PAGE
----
THE OTHERS, brilliantly written and directed by Alejandro Amenábar, is the
quietest movie of the year, with characters who rarely talk much above a
whisper and with background sounds that are only a couple of decibels higher
than dead silence. But don't worry, you won't miss anything since you'll be
on the edge of your seat throughout the most spell-binding mystery since THE
SIXTH SENSE. For the longest time, Amenábar keeps us unsure not only as to
what actually is happening but also as to what kind of mystery it is.
Perhaps it's a ghost story. But it could be a psychological drama. Then
again, it might be something else entirely. As you watch it, don't get
cocky. Even if you think you have figured it out, you may be wrong in more
ways than one. As one character remarks prophetically, "There are going to
be some big surprises."
The central character in this fascinating thriller is Nicole Kidman in a
great and creepily intensive performance. She, however, is constantly
upstaged by two amazing child actors, Alakina Mann and James Bentley, who
are stunning and chillingly effective. This is reminiscent of the way that
Haley Joel Osment managed to outdo Bruce Willis in THE SIXTH SENSE.
The story, set towards the end of World War II, happens mainly inside a
large, fog covered manor house on the British island of Jersey. Grace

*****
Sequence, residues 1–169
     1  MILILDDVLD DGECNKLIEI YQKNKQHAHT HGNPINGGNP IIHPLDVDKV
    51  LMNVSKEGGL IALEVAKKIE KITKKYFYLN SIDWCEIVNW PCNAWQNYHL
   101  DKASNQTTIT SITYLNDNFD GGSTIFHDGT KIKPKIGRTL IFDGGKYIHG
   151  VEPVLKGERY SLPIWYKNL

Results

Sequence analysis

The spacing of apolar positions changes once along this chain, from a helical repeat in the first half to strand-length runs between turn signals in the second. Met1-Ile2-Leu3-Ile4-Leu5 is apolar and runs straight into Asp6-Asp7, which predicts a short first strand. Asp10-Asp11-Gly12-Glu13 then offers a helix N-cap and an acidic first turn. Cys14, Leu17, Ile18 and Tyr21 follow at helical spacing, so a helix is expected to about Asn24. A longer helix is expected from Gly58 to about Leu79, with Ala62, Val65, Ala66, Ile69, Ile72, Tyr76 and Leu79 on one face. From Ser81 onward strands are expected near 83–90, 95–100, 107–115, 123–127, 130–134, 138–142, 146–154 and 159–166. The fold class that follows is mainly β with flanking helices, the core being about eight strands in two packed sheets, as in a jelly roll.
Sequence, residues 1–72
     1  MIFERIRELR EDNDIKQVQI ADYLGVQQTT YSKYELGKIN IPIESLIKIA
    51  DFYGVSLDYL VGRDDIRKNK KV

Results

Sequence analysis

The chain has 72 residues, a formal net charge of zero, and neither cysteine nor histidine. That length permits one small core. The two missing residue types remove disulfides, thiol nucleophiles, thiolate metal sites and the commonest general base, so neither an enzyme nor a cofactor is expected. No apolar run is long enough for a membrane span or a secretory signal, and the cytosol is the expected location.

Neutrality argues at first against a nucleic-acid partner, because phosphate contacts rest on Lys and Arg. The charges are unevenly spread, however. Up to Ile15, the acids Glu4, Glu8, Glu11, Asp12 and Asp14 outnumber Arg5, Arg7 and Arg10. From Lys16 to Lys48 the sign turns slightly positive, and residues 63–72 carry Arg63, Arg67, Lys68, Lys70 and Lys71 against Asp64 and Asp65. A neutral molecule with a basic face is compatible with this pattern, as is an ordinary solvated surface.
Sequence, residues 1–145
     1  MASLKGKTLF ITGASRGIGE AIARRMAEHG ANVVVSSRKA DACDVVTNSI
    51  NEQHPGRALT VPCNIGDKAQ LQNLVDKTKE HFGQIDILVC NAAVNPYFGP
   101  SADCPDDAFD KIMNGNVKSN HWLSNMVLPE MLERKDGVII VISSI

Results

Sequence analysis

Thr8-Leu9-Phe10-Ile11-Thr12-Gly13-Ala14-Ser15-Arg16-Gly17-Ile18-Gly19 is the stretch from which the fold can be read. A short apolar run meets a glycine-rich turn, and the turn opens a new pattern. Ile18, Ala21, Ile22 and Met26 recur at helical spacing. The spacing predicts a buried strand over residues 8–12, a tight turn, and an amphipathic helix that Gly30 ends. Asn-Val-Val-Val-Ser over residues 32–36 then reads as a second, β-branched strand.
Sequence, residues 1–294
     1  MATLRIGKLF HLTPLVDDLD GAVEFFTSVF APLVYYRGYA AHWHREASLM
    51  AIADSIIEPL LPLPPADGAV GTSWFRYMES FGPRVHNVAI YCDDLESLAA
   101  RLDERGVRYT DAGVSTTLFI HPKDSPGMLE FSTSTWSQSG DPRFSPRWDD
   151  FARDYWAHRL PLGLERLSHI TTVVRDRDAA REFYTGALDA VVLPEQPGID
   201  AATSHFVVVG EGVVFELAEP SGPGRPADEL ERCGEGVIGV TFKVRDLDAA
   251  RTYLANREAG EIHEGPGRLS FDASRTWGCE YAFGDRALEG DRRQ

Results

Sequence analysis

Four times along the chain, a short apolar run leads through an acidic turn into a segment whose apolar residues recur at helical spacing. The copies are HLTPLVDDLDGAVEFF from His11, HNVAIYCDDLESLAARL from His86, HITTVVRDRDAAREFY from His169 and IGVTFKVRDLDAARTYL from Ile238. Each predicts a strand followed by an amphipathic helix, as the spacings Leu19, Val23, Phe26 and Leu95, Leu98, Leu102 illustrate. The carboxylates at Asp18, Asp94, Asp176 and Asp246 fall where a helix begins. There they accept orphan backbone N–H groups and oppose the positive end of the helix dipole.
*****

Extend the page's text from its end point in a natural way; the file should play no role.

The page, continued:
(Kidman) lives there with her two children, Anne (Mann) and Nickolas
(Bentley). As the story starts, Grace's husband, Charles (Christopher
Eccleston), is off fighting in the war.
The children have a severe disease that makes them unable to handle any
sunlight whatsoever. Grace carefully instructs the new servants -- the
last ones disappeared without even bothering to collect their wages -- that
all doors are to be kept closed and locked and all curtains drawn. Fionnula
Flanagan, Eric Sykes and Elaine Cassidy play the new servants. Even in
their minor roles, they contribute immensely to enhancing the mystery.
Grace is a high-strung woman who is used to maintaining military-like
control of her household and her children. The events that unfold
completely shake her confidence. It starts off when the mischievous Anne
begins to torment her young brother, Nickolas. Anne scares the wits out of
Nickolas with tales of a kid named Victor, whom she claims to see. Needless
to say, her mother tells her to stop it. And that is only the setup for
this intriguing story. That's all I am going to tell you, which isn't much.
This much I can guarantee, as you keep trying to guess where the story is
headed, you will not be disappointed when it gets there.
THE OTHERS runs 1:44. It is rated PG-13 for thematic elements and
frightening moments and would be fine for kids around 12 and up, depending
entirely on how well they can handle fear of the unknown.
Copyright © 2001 Steve Rhodes